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A didgeridoo. This particular instrument is more ornate than most.

The didgeridoo (also known as a didjeridu or didge) is a wind instrument of the Aborigines of northern Australia. It is sometimes described as a natural wooden trumpet or "drone pipe". Musicologists classify it as an aerophone. The instrument is traditionally made from living Eucalyptus trees, which have had their interiors hollowed out by termites. Contrary to popular belief, logs are not stuck into termite mounds for the termites to do the hollowing. Crafters would find suitable trees by knocking on the bark to see if it was hollow.

A modern didgeridoo is usually cylindrical or conical in shape and can measure anywhere from 1 to 3 m (3.2 ft to 9.8 ft) in length with most instruments measuring around 1.2 metres (3.9 ft). The length is directly related to the 1/2 sound wavelength of the keynote. Generally, the longer the instrument, the lower the pitch or key of the instrument. Keys from D to F♯ are the preferred pitch of traditional Aboriginal players.

There are no reliable sources stating the didgeridoo's exact age, though it is commonly claimed to be the world's oldest wind instrument. Archaeological studies of rock art in Northern Australia suggests that the Aboriginal people of the Kakadu region of the Northern Territory have been using the didgeridoo for about 1500 years, based on the dating of paintings on cave walls and shelters from this period. A clear rock painting in Ginga Wardelirrhmeng from the freshwater period (1500 years ago until the present)[1] shows a didgeridoo player and two songmen.[2] In some Aboriginal cultures, only men are permitted to play it, whereas women can only use clapsticks.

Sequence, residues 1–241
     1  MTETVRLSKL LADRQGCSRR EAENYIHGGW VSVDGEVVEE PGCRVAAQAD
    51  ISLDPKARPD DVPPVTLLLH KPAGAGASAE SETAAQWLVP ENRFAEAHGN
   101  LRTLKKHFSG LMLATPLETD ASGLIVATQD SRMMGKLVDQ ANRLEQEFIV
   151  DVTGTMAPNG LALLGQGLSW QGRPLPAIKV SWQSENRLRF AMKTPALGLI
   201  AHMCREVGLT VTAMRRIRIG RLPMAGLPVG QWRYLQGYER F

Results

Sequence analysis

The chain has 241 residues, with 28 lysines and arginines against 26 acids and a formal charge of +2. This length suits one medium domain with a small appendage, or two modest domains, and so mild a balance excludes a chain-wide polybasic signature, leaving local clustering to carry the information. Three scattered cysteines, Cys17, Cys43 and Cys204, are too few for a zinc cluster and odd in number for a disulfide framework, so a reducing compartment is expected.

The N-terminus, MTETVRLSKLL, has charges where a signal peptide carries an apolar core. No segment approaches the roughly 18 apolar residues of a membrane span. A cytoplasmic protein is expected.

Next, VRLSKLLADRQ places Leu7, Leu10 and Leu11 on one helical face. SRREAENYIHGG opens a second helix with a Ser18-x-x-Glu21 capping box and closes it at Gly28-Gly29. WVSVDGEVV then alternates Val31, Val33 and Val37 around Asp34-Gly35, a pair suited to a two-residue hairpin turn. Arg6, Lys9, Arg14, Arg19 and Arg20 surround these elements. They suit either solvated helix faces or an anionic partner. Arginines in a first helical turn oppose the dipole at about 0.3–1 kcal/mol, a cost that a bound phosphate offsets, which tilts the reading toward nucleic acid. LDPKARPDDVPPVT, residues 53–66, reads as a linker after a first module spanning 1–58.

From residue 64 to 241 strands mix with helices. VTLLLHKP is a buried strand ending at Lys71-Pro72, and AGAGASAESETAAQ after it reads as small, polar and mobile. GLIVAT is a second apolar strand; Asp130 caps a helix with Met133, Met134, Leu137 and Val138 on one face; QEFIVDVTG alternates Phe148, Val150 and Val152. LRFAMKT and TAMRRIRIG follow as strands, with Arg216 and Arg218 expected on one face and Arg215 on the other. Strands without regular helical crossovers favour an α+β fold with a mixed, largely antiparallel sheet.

"Didgeridoo" is considered to be an onomatopoetic word of Western invention. It has also been suggested that it may be derived from the Irish words dúdaire or dúidire, meaning variously 'trumpeter; constant smoker, puffer; long-necked person, eavesdropper; hummer, crooner' and dubh, meaning "black" (or duth, meaning "native").[3] However, this theory is not widely accepted.

The earliest occurrences of the word in print include a 1919 issue of Smith's Weekly where it was referred to as an "infernal didjerry" which "produced but one sound - (phonic) didjerry, didjerry, didjerry and so on ad infinitum", the 1919 Australian National Dictionary, The Bulletin in 1924 and the writings of Herbert Basedow in 1926. There are numerous names for this instrument among the Aboriginal people of northern Australia, with yirdaki one of the better known words in modern Western society. Yirdaki, also sometimes spelt yidaki, refers to the specific type of instrument made and used by the Yolngu people of north-east Arnhem Land. Many believe that it is a matter of etiquette to reserve tribal names for tribal instruments, though retailers and businesses have been quick to exploit these special names for generic tourist-oriented instruments.


[edit] Construction and play

A wax mouthpiece can soften during play, forming a better seal.